Disney CEO Bob Iger verbally pushed back against Florida Governor Ron DeSantis and his ongoing war against Disney World and the company, pointing out all the taxes his corporation pays the state and rhetorically asking if Florida still wants its business and all the money that entails.
On May 10, as reported by Deadline, Iger spoke out against DeSantis and the state’s recent legal moves against Disney, claiming that the company was the “largest taxpayer in Central Florida” after paying over $1.1 billion dollars in state and local taxes in 2022. “There’s…a false narrative that we’ve been fighting to protect tax breaks as part of this,” Iger claimed.
“This is about one thing and one thing only, and that’s retaliating against us for taking a position about pending legislation,” Iger said, and then commented on his company’s (tepid) disapproval of Florida’s horrible “Don’t Say Gay Bill.” “We believe that in us taking that position, we’re merely exercising our right to free speech.” He then asked rhetorically, “Does [Florida and DeSantis] want us to invest more, employ more, and pay more taxes or not?”
Why are Disney and Florida’s governor feuding?
This verbal and increasingly legal war between Disney and DeSantis—likely to be one of the GOP’s front-runners for President in 2024—started in 2022 with House Bill 1557, referred to by opponents as the “Don’t Say Gay” bill. It prevents discussion of gender and sexual identity in Florida public schools. The law is a part of DeSantis’ continuing participation in the ongoing culture wars over LGBTQ issues. After the controversial bill was signed into law by DeSantis—and following pressure both public and internal—the Walt Disney Company eventually issued a statement in March of last year calling for a repeal of the bill. In response to Disney’s rebuke, the Governor said the company had “crossed the line.”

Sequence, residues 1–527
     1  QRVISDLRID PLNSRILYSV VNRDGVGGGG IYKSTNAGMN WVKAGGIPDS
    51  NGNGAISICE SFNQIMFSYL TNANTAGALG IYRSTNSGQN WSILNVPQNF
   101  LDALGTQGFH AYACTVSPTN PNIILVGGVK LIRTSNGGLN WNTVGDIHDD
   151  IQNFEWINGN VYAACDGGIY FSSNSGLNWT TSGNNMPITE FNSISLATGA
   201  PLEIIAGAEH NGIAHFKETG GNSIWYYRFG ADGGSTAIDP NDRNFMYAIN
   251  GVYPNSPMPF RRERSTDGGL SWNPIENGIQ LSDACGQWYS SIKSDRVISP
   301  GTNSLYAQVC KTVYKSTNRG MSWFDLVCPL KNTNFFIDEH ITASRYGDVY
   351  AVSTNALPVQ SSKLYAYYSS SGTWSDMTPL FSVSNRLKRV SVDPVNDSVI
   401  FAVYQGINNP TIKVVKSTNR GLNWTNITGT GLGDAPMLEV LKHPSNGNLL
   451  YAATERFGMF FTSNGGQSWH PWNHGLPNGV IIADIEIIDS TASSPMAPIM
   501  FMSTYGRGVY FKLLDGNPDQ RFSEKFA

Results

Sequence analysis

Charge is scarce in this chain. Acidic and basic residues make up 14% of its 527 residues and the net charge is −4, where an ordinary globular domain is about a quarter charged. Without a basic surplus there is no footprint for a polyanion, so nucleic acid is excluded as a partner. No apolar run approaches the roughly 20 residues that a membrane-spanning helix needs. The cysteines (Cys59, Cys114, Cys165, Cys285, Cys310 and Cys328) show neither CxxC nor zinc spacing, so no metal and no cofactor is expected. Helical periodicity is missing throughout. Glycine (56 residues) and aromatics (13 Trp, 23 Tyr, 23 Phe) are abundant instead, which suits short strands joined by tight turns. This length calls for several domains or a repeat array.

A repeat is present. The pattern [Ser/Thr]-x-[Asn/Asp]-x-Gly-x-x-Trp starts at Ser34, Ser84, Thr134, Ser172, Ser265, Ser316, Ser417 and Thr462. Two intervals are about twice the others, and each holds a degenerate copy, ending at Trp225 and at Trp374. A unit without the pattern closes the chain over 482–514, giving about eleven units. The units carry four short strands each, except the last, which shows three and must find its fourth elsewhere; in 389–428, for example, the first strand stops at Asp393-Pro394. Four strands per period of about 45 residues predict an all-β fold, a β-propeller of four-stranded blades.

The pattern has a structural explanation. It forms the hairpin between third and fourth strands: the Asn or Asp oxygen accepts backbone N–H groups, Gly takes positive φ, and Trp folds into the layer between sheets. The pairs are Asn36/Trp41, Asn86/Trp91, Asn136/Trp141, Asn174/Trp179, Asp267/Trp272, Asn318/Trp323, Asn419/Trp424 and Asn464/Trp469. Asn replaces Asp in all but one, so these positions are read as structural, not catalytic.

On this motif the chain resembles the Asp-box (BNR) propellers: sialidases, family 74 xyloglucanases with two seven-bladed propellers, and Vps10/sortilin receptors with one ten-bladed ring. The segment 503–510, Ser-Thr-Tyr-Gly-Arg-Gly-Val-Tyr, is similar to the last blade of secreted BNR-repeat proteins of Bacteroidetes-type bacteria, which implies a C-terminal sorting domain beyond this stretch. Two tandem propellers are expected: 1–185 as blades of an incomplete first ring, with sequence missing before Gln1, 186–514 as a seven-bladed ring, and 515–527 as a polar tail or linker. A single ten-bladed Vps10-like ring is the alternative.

What came next was a move seen by many as a direct punishment against Disney for speaking out against the bill. DeSantis went after Disney World’s special district, which was established in 1967 and allowed Disney World to be exempt from normal Florida laws concerning matters like building codes and water management.
But following the spat, the governor created House Bill 9B to restructure the district. The bill, in part, gave the district a new name, and DeSantis appointed a new board of directors to oversee it...the same board that lost all its power this past March after being outsmarted by Disney lawyers. The defanged board then tried to undo its defenestration, leading to a lawsuit filed by Disney on April 26 to fight back against the state and DeSantis.
Disney claims Florida benefitted from its special district, too
Now, as it becomes increasingly clear this fight is headed to the courts, Iger’s pushed back against DeSantis and the governor’s legal team, claiming that all of this brouhaha isn’t actually about just the Disney World special district and the local powers it gave the company.
“This is not about special privileges or a level playing field or Disney in any way using its leverage around the state of Florida,” Iger said. “There are about 2000 special districts in Florida, and most were established to foster investment in development. It basically made it easier for us, and others—by the way—to do business in Florida. And we built a business that employs, as we’ve said before, over 75,000 people and attracts tens of millions of people to the state.”
Iger then pointed out that while the district benefited his company, it also benefited the state of Florida, as it let Disney World grow into the tourism giant and moneymaker it is today, adding that, “...it’s misleading to not also consider how much Disney benefited the state of Florida.”
Disney’s new lawsuit shows this saga is far from over, and it’s unlikely DeSantis will back down anytime soon as he begins his presidential campaign. Meanwhile, DeSantis doesn’t just have a massive and powerful corporation to worry about, but he is also reportedly being coached by his staff on how to stop looking so fucking goofy all the time in photos.